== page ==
Pakistan launched a week-long nationwide polio vaccination campaign Monday, as the country remains one of only two around the world where the paralyzing virus still exists.
This year, so far, Pakistan has reported five cases of the highly infectious disease. The latest polio eradication campaign will target more than 4.4 million children across much of the country, as well as in Pakistani-administered Kashmir.
The South Asian nation came close to eradicating polio in 2021 when it reported only one case of paralysis from the virus. However, last year the country saw a spike with 20 cases on the record. The virus generally spreads through the fecal matter of a carrier that has contaminated the water supply.
Two of this year’s five cases were detected in the country’s most populous city Karachi in the southern province of Sindh. This came after the city recorded zero cases in the last two years.
A spokesperson of the provincial Emergency Operation Center, Syed Nofil Naqvi, told VOA both cases are children from Afghan families settled in Pakistan for years.
Naqvi blamed cross-border movement between Pakistan and Afghanistan for the disease. Afghanistan, the only other country fighting to eliminate the virus has reported six cases so far in 2023.
“The environmental samples found across Pakistan are genetically linked to Afghanistan,” Naqvi said.
To counter the spread of the virus through travelers, Naqvi said, polio teams vaccinate children at bus stops and other transit points.
All of Pakistan’s remaining polio cases this year came from Bannu, a town in the northern province of Khyber Pakhtunkhwa. Muhammad Zeeshan Khan, deputy coordinator for the provincial Emergency Operation Center, told VOA all three families had refused to vaccinate their children.
“We tried a lot to convince them. One child’s family agreed to giving polio drops but the child had not received an [initial] injection [to build immunity]. This [refusal] is the reason that all three children succumbed to paralysis.” Khan said the families worried the vaccine might harm their children.
Parents’ refusal to give the oral polio vaccine to their children is one of the primary reasons polio virus still exists in Pakistan.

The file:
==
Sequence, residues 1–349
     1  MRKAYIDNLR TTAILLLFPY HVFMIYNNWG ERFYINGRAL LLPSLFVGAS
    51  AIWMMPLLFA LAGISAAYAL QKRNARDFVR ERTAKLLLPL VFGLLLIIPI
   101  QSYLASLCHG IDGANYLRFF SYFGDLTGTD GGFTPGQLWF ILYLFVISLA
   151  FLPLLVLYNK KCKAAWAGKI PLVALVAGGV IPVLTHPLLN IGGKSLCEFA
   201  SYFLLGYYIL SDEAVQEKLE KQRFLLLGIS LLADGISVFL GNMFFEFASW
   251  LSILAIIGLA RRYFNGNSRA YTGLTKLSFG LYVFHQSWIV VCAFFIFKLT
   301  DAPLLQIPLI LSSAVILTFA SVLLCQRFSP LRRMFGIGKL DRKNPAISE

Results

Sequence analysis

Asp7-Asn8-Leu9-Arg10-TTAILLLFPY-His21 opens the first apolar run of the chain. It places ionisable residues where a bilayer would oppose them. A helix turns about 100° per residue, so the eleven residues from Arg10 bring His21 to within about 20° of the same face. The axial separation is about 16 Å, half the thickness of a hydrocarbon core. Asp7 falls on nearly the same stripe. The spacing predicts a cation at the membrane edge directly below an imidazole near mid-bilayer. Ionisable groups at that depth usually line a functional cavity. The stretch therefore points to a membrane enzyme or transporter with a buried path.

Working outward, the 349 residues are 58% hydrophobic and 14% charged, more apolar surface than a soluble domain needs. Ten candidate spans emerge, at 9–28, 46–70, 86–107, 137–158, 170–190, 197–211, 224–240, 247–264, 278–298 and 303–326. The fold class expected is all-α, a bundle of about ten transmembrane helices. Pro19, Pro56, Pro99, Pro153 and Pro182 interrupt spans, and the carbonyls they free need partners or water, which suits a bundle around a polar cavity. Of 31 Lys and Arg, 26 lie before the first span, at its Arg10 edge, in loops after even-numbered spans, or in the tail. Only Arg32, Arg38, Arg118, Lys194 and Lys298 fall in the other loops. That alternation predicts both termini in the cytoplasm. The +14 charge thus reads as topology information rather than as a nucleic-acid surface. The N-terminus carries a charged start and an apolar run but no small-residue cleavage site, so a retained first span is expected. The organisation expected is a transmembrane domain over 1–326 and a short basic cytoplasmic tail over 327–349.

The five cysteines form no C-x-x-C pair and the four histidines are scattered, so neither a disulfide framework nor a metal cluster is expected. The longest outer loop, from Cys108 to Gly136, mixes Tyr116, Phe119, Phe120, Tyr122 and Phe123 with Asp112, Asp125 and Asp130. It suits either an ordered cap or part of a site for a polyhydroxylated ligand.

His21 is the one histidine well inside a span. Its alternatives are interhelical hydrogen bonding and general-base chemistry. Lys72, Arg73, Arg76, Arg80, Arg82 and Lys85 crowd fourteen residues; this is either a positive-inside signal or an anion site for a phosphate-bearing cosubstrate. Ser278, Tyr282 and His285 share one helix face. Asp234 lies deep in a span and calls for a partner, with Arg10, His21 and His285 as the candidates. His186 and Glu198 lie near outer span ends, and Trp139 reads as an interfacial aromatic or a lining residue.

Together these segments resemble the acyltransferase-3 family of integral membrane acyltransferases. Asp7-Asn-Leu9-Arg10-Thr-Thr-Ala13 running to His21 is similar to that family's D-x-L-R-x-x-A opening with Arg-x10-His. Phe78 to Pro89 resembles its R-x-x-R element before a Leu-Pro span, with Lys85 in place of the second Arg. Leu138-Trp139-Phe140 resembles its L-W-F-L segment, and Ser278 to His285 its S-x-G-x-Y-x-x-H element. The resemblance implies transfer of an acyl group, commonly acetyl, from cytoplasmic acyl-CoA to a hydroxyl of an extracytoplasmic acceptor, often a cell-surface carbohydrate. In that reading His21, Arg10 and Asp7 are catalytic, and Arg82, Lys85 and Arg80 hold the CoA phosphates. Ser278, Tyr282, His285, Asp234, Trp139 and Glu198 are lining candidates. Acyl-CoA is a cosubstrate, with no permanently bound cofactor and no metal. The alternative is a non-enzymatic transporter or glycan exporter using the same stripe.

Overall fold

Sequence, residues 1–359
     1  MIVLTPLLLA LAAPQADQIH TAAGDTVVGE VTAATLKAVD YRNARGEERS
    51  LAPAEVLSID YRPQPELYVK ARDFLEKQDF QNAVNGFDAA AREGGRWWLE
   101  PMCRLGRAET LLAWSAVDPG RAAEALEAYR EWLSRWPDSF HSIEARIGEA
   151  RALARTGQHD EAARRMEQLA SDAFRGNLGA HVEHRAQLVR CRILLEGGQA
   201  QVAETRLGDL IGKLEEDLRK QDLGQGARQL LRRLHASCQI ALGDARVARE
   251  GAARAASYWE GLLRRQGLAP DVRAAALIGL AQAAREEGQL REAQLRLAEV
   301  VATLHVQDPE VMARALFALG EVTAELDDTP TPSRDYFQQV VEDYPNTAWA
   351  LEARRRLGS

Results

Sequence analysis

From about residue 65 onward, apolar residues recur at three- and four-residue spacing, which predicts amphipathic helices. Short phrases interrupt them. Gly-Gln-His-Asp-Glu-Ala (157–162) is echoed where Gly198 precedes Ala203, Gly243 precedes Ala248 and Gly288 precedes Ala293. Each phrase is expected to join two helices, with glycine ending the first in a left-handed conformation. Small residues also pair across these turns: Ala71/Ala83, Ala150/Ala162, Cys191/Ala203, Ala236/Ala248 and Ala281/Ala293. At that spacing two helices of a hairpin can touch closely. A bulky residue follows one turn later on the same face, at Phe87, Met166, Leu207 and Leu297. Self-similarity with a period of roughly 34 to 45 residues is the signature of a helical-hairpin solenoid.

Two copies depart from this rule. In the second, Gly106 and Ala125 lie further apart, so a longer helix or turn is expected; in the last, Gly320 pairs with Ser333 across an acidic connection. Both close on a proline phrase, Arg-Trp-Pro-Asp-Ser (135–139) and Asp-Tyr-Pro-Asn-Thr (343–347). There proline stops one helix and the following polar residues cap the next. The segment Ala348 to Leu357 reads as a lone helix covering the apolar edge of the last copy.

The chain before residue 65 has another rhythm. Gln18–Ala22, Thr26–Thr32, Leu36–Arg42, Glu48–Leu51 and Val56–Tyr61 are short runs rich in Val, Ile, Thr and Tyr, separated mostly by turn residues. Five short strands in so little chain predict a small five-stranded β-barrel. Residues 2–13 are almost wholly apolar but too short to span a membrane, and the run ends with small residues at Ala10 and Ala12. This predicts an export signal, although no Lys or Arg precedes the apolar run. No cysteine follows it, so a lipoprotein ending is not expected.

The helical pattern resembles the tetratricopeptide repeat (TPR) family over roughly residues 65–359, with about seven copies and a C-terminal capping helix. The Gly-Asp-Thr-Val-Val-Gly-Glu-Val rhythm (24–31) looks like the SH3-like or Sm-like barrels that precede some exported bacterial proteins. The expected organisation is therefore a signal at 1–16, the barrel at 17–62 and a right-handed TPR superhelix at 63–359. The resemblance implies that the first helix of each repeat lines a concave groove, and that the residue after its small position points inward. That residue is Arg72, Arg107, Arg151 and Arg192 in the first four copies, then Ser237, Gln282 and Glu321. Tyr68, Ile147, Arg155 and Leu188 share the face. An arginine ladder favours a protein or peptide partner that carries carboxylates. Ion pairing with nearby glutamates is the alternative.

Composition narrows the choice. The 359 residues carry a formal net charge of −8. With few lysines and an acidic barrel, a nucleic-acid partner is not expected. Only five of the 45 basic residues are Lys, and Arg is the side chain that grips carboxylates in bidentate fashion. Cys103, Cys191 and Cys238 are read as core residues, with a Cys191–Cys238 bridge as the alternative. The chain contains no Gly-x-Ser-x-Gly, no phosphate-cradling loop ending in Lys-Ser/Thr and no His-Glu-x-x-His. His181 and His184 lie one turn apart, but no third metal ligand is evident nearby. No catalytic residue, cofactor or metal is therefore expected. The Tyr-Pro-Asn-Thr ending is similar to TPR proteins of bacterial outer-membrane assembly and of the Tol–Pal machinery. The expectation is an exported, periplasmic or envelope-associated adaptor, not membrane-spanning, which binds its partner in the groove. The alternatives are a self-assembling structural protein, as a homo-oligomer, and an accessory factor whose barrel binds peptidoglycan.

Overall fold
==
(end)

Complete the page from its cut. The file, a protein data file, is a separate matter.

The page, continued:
Polio workers and the security personnel protecting them frequently come under lethal attacks from parents and militants who see the vaccination drive as part of a foreign conspiracy to render Pakistani children impotent or to give them ingredients not permissible for Muslims to consume.
Provincial officials in Khyber Pakhtunkhwa recorded more than 16,000 refusals in October. According to Khan, Peshawar, the provincial capital, recorded nearly 8000 refusals followed by Bannu, and North Waziristan where most of Pakistan’s polio cases were recorded last year.
Khyber Pakhtunkhwa recorded 14 incidents of violence against polio teams this year.
To counter such misconceptions, authorities have been engaging local clerics and influencers, and running expensive TV and radio campaigns to convince parents to vaccinate their children.
Still, other parents refuse and bargain for unmet civic needs. The National Emergency Operation Center’s plans for the latest campaign show several communities in Khyber Pakhtunkhwa have refused to vaccinate their children until gas, roads or teachers are provided.
“For us, the biggest concern is the child whose family has refused [to vaccinate],” said Khan.
In any campaign cycle thousands of children are also “missed” because they are not home, or the family is unwilling to allow the vaccination team inside if a male member of the household is not present.
Data shows over 13 percent of children in Quetta, Baluchistan’s provincial capital, missed getting the vaccine last time. In Khyber Pakhtunkhwa, nearly 1.2 percent of children or more than 90,000 were missed as well.
However, Khan said many of the missed children get vaccinated as guests in whichever community they are temporarily present.
In Quetta too, nearly half the children who were missed at one point were eventually covered, according to data.
Still, in parts of Khyber Pakhtunkhwa and Balochistan that border Afghanistan the vaccination campaign will either be conducted later or postponed indefinitely, primarily due to security reasons.
As hundreds of thousands of polio workers and security personnel go door to door this week in areas facing a high risk of polio, Naqvi is hopeful Pakistan will get closer to eliminating the crippling disease.
“We are using a positive way of giving the message,” Naqvi said. From posting signs that said “Caution! Your area has polio,” he said, we now say, “we can eliminate polio.”
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